Capturing the attention of investors: What is the value of your approach?

July 25, 2018
Bruce Basson, Senior Scientific Advisor
Tara Rheault, Ph.D., MPH
Key Highlights

Creating an early and accurate forecast model, understanding the time, cost, risk, and revenue in detail, and valuating your program in terms of risk-adjusted net present value (NPV), is critical to get the support of key stakeholders.

Persuading investors of your product's value involves a balancing act between the importance of cost, time, risk and commercial return.

As an emerging biopharma, you have selected your candidate and articulated your product vision through the creation of a target product profile – so you know where you are going. You have planned your development pathway, balancing time, cost, and risk at specific decision points – so you know how you are getting there. Both steps are vital in capturing the attention of investors, and have been outlined in the first two blogs in the series.

This post (3rd of 3) takes you to the next level by helping you to optimize and demonstrate the value of your approach. Creating an early and accurate forecast model; understanding time, cost, risk, and revenue in more detail; and valuing your program in terms of risk-adjusted or expected net present value (eNPV) will all be critically important when convincing key stakeholders to join you.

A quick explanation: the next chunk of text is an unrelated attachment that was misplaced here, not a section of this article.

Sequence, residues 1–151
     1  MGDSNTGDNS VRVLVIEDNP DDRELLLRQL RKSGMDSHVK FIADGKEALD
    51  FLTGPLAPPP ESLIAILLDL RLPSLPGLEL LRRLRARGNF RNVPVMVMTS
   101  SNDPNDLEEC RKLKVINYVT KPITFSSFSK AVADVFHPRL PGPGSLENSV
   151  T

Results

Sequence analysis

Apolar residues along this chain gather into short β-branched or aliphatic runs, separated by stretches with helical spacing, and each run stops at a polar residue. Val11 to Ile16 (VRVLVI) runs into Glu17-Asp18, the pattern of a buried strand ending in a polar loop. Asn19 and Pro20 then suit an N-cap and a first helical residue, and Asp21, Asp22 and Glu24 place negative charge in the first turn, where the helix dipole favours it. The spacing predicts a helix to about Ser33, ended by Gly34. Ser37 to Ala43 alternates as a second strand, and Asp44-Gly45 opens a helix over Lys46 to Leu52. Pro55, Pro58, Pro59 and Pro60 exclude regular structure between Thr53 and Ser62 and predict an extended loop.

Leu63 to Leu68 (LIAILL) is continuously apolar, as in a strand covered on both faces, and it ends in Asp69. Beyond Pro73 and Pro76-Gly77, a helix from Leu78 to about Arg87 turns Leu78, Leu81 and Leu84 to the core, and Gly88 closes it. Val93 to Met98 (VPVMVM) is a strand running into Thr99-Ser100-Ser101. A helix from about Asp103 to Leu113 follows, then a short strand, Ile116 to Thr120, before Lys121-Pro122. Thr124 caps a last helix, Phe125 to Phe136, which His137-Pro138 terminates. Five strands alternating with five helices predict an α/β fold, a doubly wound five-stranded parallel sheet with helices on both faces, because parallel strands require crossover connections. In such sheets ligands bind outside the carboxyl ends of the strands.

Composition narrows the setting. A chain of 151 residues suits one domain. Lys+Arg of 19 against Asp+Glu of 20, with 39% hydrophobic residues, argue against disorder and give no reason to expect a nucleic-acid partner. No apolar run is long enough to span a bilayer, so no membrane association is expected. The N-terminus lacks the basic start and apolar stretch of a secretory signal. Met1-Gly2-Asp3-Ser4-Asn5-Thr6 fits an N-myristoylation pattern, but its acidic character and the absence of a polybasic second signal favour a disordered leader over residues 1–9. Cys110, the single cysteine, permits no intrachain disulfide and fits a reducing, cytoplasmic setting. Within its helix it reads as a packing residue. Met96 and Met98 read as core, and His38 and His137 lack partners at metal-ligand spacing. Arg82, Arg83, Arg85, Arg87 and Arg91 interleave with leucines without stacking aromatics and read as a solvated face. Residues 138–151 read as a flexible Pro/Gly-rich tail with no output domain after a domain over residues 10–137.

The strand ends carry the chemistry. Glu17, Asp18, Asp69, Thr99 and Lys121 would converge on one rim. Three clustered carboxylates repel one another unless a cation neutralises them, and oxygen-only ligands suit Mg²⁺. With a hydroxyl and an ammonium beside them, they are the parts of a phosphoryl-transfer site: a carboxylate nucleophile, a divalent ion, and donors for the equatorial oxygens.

Creating a single, unifying metric: Expected net present value

There are several key variables that you need to be aware of in the process of optimizing your drug development approach:

  • Cost: Development and commercial costs
  • Time: Critical path duration of the plan
  • Risk: Probability of technical success
  • Commercial return: Potential market share and revenue

Expected net present value (eNPV) is a robust methodology that provides a convincing way to weigh different approaches. Using eNPV as a unifying metric means that you can compare different molecules, indications, or design decisions and see the impact of trade-offs. For example, you might evaluate the impact of changing potential market share and revenue by looking at a different indication. 

Emerging biopharma are under pressure to show value

While demonstrating value is important for any organization developing new drugs, the pressure is more acute for emerging biopharma companies. Emerging biopharma companies are smaller, have less cash in hand, and have a greater need for convincing investors at any given point in the drug development pathway. 

Data-informed planning for robust decision-making

With access to the right data and domain knowledge, it is possible to understand the impact of various factors on crucial outputs.

 

Domain knowledge

Trial design

Development plan

Key drivers of risk

Market share analogues

Data

Development experience

Clinical trials data

Industry benchmarks

Sales databases

Outputs

Costs

Time

Risk

Commercial return